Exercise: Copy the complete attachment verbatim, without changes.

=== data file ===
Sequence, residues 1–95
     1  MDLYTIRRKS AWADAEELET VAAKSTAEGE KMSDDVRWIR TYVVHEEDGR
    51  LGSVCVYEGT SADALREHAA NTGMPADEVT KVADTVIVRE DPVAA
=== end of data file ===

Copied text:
Sequence, residues 1–95
     1  MDLYTIRRKS AWADAEELET VAAKSTAEGE KMSDDVRWIR TYVVHEEDGR
    51  LGSVCVYEGT SADALREHAA NTGMPADEVT KVADTVIVRE DPVAA